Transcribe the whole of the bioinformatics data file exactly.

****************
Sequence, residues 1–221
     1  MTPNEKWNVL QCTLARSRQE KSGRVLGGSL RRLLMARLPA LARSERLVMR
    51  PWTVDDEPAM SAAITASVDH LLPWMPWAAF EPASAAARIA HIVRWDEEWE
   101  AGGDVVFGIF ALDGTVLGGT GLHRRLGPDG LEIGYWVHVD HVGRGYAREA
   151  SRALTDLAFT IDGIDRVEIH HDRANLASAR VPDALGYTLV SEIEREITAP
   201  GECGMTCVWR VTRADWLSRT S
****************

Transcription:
Sequence, residues 1–221
     1  MTPNEKWNVL QCTLARSRQE KSGRVLGGSL RRLLMARLPA LARSERLVMR
    51  PWTVDDEPAM SAAITASVDH LLPWMPWAAF EPASAAARIA HIVRWDEEWE
   101  AGGDVVFGIF ALDGTVLGGT GLHRRLGPDG LEIGYWVHVD HVGRGYAREA
   151  SRALTDLAFT IDGIDRVEIH HDRANLASAR VPDALGYTLV SEIEREITAP
   201  GECGMTCVWR VTRADWLSRT S